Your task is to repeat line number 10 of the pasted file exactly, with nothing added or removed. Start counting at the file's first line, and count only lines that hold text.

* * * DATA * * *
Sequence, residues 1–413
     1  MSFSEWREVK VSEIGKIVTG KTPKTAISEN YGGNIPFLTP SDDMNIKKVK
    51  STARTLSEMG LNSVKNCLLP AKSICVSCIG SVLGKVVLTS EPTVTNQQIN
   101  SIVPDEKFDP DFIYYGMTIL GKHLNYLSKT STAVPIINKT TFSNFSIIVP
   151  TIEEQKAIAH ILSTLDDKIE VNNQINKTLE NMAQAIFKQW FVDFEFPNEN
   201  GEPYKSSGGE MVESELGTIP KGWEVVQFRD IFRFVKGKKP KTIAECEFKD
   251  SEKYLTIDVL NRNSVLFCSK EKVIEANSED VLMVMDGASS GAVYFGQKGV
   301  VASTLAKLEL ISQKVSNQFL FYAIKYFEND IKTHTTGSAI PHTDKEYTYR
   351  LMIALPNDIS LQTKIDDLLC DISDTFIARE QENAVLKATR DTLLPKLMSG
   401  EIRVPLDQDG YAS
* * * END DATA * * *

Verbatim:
   401  EIRVPLDQDG YAS